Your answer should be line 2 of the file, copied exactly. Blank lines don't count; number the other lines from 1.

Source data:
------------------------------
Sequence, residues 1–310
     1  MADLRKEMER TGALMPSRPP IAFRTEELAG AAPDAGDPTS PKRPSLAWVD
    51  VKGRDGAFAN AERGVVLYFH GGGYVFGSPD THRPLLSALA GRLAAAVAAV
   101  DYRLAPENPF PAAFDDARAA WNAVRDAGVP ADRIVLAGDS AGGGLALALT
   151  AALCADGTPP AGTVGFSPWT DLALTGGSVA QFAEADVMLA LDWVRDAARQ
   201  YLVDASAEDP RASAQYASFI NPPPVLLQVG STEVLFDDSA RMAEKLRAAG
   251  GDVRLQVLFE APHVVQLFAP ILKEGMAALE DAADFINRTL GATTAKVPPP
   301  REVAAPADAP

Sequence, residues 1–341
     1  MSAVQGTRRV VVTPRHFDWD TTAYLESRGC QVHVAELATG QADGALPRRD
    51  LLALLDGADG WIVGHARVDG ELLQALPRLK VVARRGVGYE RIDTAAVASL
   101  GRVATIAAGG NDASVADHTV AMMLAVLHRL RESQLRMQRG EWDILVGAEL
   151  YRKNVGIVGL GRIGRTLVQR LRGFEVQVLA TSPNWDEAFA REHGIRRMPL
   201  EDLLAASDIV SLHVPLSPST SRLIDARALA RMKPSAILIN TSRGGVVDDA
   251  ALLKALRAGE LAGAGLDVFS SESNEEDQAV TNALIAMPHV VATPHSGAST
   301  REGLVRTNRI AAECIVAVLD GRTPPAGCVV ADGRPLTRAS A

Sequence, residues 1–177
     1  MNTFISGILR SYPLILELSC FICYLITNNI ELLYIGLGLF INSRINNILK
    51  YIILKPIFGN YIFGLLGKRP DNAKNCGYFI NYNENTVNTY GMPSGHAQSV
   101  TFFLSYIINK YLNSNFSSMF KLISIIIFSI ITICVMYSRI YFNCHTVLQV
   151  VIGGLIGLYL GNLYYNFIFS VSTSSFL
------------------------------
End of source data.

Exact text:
     1  MADLRKEMER TGALMPSRPP IAFRTEELAG AAPDAGDPTS PKRPSLAWVD